Chapter 31 Soft-Tissue Trauma Flashcards Preview

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Flashcards in Chapter 31 Soft-Tissue Trauma Deck (65)
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1. The MOST significant immediate threat to a patient with a soft-tissue injury is: A) nerve damage. B) infection. C) disfigurement. D) hemorrhage.

Ans: D Page: 1545


2. The skin is also referred to as the: A) melanin. B) integument. C) epithelium. D) collagen.

Ans: B Page: 1545


3. All of the following are functions of the skin, EXCEPT: A) providing the immune response for the body. B) protecting the underlying tissue from injury. C) sensing changes in the external environment. D) assisting in the regulation of body temperature.

Ans: A Page: 1545-1546


4. The outermost layer of the epidermis: A) consists of nonliving cells that are continuously being shed. B) is a tough, highly elastic layer than contains melanin granules. C) contains numerous fibroblasts that secrete collagen and elastin. D) is comprised of living cells that give rise to the stratum corneum.

Ans: A Page: 1546


5. _________ is a fibrous protein that gives the skin high resistance to breakage under mechanical stress. A) Fibrin B) Elastin C) Collagen D) Melanin

Ans: C Page: 1546


6. When the ambient temperature is high: A) the dermis produces less collagen, which temporarily decreases the skin's ability to retain warmth. B) blood vessels in the dermis dilate, which increases blood flow to the skin and allows heat to dissipate. C) sweat glands in the epidermis produce sweat, which is evaporated from the skin surface by the air. D) constriction of the vessels in the dermis brings warm blood to the surface of the skin, where it is eliminated.

Ans: B Page: 1546


7. Physical injury to the skin: A) causes a decrease in the production of macrophages and lymphocytes, thus increasing the risk of infection. B) commonly destroys the stratum corneum, the deep dermal layer of the skin, and causes nerve damage. C) promotes cutaneous vasoconstriction, which shunts blood away from the injury and manifests as pallor around the injury site. D) triggers mast cells to degranulate and synthesize special chemical mediators, which causes the injured area to become warm and red.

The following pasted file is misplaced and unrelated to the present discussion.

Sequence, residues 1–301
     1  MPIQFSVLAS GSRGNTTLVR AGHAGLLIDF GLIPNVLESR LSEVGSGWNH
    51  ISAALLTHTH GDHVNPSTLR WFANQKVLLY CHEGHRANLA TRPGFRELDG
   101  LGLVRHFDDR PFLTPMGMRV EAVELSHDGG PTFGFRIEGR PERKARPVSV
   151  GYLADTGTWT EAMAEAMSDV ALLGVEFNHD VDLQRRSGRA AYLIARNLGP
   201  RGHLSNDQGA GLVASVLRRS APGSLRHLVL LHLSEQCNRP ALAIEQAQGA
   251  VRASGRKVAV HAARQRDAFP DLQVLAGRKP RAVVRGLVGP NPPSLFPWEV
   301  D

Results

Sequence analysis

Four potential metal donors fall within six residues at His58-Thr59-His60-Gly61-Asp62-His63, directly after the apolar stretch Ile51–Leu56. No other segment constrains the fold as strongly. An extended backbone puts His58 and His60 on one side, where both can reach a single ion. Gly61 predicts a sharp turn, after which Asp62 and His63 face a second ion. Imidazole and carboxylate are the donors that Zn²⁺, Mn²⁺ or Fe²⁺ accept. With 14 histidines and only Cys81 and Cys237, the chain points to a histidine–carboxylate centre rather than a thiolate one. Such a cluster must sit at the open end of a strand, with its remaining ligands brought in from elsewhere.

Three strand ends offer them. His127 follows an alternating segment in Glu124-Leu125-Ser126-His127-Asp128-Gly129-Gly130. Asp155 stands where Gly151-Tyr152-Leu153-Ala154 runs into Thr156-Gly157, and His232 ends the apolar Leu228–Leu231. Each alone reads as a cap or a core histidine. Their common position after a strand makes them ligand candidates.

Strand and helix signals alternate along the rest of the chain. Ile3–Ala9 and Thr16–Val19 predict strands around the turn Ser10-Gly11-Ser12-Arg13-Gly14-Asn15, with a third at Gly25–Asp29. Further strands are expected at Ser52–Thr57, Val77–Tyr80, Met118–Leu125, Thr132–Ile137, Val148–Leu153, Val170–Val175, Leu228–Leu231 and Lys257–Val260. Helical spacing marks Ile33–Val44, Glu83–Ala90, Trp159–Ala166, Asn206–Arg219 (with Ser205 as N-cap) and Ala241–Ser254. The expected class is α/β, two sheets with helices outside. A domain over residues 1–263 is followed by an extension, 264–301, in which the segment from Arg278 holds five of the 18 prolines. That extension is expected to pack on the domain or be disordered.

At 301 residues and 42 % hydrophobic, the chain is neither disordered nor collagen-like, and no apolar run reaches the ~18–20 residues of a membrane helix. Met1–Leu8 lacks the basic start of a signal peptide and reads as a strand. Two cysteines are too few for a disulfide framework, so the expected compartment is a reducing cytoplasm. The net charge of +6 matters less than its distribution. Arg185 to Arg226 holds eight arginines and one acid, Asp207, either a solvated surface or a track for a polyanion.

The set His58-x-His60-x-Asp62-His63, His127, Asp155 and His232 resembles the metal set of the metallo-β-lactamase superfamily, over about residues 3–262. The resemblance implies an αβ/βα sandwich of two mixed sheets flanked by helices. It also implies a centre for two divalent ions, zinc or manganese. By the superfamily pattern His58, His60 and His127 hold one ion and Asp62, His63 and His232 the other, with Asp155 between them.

Ans: D Page: 1547


8. The skin helps regulate body temperature through: A) peripheral vasodilation, which shunts cool blood to the core of the body. B) the production of sweat, which is evaporated from the surface of the skin. C) increased elastin production, which provides insulation to the epidermis. D) cutaneous vasoconstriction, which brings warm blood to the skin's surface.

Ans: B Page: 1547


9. Which of the following substances is produced in the dermis and keeps the skin supple so that it doesn't crack? A) Sebum B) Elastin C) Collagen D) Ground substance

Ans: A Page: 1547


10. The subcutaneous tissue is: A) the layer of tissue above the dermis that mainly produces sweat. B) a thin layer of tissue from which blood vessels exclusively originate. C) also called the superficial fascia and consists mainly of adipose tissue. D) the deep fascial layer that ensheathes muscle and other internal structures.

Ans: C Page: 1547


11. A laceration that lies perpendicular to the skin's tension lines: A) results in minimal external bleeding and typically heals spontaneously within 2 to 3 hours. B) generally remains closed and does not require suturing or other methods of wound closure. C) often remains open, heals more slowly, and is more likely to result in abnormal scar formation. D) does not disrupt the body's blood-clotting process and tends to heal without the formation of a scar.

Ans: C Page: 1547


12. Which of the following statements regarding soft-tissue injuries is correct? A) Most soft-tissue injuries require immediate care to prevent blood loss. B) They are often the most obvious, but are seldom the most life threatening. C) Soft-tissue injuries should be covered immediately upon patient contact. D) Most soft-tissue injuries are hidden and require a systematic assessment.

Ans: B Page: 1545


13. During the process of wound healing, hemostasis: A) permanently stops the wound from bleeding and facilitates healing. B) is a physiologic process in which the body's platelets are destroyed. C) occurs when the bone marrow transiently produces more red blood cells. D) temporarily stops bleeding via vasoconstriction and platelet aggregation.